Next week, the U.S. Senate plans to take a deep breath and dive into a topic that's seen years of debate but little action: how to slow climate change.
The focus of the debate will be a new bill, the Climate Security Act, which would put a national cap on greenhouse gases created by burning coal, oil or natural gas. The measure is a bipartisan creation sponsored by Sens. Joe Lieberman (I-CT), John Warner (R-VA) and Barbara Boxer (D-CA), who heads the Senate's Environment Committee.
The legislation would require factories, power plants, refineries and other heavy industry to pay the government for permits to emit greenhouse gases, mostly carbon dioxide. Companies also could trade permits among themselves and even bank them to use when needed. Economists who've analyzed this "cap-and-trade" program say it could generate about $6 trillion by 2050 — most of it from industry coffers.
A Complicated Debate
"It's an unbelievably complicated piece of legislation that will literally transform the entire energy sector of the U.S. economy," says economist Ray Kopp of the Washington think-tank Resources for the Future. "You are basically controlling emissions from literally millions of sources."
Trucking companies, manufacturers, electricity producers — any industry that uses fossil fuels — would be subject to the CO2 cap and feel the cost of permits. And that cap would get progressively lower over the next several decades, increasing the cost of the permits.
The legislation has been long in coming and shows the work of many hands. Lobbying records, for instance, show that climate change is being cited almost 20 times more often than three years ago, according to the Center for Responsive Politics, which tracks lobbyists in Washington.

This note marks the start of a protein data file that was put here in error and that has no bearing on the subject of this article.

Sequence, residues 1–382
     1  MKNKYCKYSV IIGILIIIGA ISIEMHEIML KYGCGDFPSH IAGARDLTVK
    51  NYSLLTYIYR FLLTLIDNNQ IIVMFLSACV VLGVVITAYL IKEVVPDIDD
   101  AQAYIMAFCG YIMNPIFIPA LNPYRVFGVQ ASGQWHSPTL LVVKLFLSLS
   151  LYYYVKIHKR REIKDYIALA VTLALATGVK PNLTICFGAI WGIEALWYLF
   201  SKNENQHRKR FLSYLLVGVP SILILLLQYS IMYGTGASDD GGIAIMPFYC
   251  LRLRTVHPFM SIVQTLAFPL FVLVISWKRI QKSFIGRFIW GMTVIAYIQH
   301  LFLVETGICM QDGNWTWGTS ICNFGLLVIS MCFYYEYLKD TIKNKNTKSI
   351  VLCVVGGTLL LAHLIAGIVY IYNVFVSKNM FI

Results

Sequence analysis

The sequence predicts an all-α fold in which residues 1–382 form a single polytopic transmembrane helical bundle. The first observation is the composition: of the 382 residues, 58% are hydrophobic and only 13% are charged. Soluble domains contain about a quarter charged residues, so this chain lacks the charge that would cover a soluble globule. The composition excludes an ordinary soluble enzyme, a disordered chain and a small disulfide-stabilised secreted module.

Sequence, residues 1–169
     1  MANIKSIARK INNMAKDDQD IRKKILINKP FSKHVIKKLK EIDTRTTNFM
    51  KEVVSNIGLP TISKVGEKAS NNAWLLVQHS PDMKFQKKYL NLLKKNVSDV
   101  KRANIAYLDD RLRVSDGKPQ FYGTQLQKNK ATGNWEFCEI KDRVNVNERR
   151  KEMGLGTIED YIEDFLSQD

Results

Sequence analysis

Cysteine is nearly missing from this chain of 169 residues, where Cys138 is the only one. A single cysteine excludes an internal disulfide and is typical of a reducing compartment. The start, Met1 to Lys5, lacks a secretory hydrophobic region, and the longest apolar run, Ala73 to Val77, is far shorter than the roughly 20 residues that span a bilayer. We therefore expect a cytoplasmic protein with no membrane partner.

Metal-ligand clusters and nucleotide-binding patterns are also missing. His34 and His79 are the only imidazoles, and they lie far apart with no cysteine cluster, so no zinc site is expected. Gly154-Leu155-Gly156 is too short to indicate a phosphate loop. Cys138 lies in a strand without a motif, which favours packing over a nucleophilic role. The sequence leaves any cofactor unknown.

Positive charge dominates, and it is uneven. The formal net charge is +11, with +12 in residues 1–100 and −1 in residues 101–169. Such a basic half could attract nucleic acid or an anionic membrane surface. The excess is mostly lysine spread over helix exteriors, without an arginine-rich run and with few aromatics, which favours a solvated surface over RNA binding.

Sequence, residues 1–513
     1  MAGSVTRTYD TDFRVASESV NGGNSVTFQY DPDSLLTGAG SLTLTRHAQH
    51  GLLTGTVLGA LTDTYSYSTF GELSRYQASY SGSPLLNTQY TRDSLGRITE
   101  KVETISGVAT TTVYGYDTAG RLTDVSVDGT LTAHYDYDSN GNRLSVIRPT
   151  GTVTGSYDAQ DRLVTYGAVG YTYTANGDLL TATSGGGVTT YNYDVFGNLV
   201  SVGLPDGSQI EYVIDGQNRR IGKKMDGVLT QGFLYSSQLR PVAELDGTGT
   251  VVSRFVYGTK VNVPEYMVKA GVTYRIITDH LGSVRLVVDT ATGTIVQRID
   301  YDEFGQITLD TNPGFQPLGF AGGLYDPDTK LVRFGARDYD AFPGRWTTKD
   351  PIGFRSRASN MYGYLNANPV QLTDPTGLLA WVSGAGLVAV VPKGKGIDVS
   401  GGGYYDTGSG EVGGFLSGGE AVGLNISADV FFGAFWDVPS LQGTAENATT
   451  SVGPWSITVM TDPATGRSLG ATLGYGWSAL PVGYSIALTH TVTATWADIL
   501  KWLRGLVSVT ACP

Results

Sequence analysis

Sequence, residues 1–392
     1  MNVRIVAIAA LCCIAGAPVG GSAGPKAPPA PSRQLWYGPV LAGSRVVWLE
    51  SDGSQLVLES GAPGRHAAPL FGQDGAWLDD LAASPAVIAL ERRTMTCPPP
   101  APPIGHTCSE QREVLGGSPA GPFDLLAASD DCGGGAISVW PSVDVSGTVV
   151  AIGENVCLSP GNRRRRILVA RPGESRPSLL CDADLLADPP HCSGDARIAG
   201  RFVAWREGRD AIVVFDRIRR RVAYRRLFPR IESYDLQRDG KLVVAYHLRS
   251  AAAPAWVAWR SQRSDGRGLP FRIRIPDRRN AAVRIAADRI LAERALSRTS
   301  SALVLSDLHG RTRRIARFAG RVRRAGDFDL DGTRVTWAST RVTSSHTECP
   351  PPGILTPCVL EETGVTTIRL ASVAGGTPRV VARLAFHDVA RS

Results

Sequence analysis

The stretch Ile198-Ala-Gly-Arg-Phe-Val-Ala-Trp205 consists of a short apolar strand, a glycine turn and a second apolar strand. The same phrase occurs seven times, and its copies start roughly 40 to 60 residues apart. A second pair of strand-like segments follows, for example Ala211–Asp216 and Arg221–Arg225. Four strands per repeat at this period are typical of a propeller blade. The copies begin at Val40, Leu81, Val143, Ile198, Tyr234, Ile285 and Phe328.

Who Will Pay?
Industry groups are taking a close look at the legislation. Some see cap-and-trade as a way to bring some predictability to the future cost of dealing with climate change.
"We want to be able to predict what the financial consequences will be," says Preston Chiaro, the chief of energy and minerals for Rio Tinto, one of the world's biggest mining companies. "Particularly for a company like ourselves, when we make an investment in a large new mine, that's billions of dollars' worth of investment."
But Chiaro says businesses likely will pass along the extra costs. He says the trillion-dollar question is this: Who will end up paying the financial consequences in the end?
"Is it going to be the taxpayers? Is it going to be industry? Is it going to be consumers who buy products?" Chiaro says. "We're talking about reallocating trillions of dollars' worth of value, and someone's ox is going to be gored and somebody is going to make money on it." That, he says, is what the tussle in Congress is going to revolve around.
Cutting Carbon at a Cost
The bill's chief sponsors, Lieberman and Warner, point out that the possible multitrillion-dollar windfall to the government will be spent in part to ease the pain of higher energy costs for industries and consumers. The government also would spend some of the money to push green technologies such as solar and wind power.
But the cost of capping carbon will outweigh the benefits, says environmental analyst Kenneth Green at the American Enterprise Institute, another Washington think-tank.
"It's going to raise the cost of everything that depends on energy," Green predicts. "That's going to involve making us less competitive against countries that don't emulate that, which is going to be most countries."
He says those countries include China and India, which are fast becoming serious economic competitors with the U.S. but don't limit CO2 emissions.
If the bill becomes law, Green says, "it's also going to entail simply having less — your dollar will go less far: less food, less housing, less transportation, less of everything."
But also less carbon dioxide.
Both supporters and opponents of the bill expect a long and torturous debate that might not be settled this year.